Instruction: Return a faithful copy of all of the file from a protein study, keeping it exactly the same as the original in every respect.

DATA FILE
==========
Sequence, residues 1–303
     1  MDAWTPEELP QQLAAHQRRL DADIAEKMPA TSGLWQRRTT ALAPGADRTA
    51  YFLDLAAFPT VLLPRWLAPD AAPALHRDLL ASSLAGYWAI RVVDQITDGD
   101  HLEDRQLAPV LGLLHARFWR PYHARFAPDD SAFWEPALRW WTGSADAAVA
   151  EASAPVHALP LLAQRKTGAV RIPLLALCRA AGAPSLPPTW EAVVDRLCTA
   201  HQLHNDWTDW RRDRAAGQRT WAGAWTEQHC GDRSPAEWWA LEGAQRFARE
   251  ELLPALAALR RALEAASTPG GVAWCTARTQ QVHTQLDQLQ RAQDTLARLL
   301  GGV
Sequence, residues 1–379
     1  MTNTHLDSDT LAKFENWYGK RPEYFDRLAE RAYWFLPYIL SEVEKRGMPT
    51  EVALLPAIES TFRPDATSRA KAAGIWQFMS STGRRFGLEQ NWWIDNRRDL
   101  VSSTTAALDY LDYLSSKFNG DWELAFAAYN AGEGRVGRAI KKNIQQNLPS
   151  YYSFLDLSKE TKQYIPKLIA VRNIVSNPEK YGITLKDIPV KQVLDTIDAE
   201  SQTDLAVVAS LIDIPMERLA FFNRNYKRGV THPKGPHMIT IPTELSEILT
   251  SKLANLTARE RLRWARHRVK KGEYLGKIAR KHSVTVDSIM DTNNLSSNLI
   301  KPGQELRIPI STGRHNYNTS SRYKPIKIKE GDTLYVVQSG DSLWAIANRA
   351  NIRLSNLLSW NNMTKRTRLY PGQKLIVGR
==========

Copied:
Sequence, residues 1–303
     1  MDAWTPEELP QQLAAHQRRL DADIAEKMPA TSGLWQRRTT ALAPGADRTA
    51  YFLDLAAFPT VLLPRWLAPD AAPALHRDLL ASSLAGYWAI RVVDQITDGD
   101  HLEDRQLAPV LGLLHARFWR PYHARFAPDD SAFWEPALRW WTGSADAAVA
   151  EASAPVHALP LLAQRKTGAV RIPLLALCRA AGAPSLPPTW EAVVDRLCTA
   201  HQLHNDWTDW RRDRAAGQRT WAGAWTEQHC GDRSPAEWWA LEGAQRFARE
   251  ELLPALAALR RALEAASTPG GVAWCTARTQ QVHTQLDQLQ RAQDTLARLL
   301  GGV
Sequence, residues 1–379
     1  MTNTHLDSDT LAKFENWYGK RPEYFDRLAE RAYWFLPYIL SEVEKRGMPT
    51  EVALLPAIES TFRPDATSRA KAAGIWQFMS STGRRFGLEQ NWWIDNRRDL
   101  VSSTTAALDY LDYLSSKFNG DWELAFAAYN AGEGRVGRAI KKNIQQNLPS
   151  YYSFLDLSKE TKQYIPKLIA VRNIVSNPEK YGITLKDIPV KQVLDTIDAE
   201  SQTDLAVVAS LIDIPMERLA FFNRNYKRGV THPKGPHMIT IPTELSEILT
   251  SKLANLTARE RLRWARHRVK KGEYLGKIAR KHSVTVDSIM DTNNLSSNLI
   301  KPGQELRIPI STGRHNYNTS SRYKPIKIKE GDTLYVVQSG DSLWAIANRA
   351  NIRLSNLLSW NNMTKRTRLY PGQKLIVGR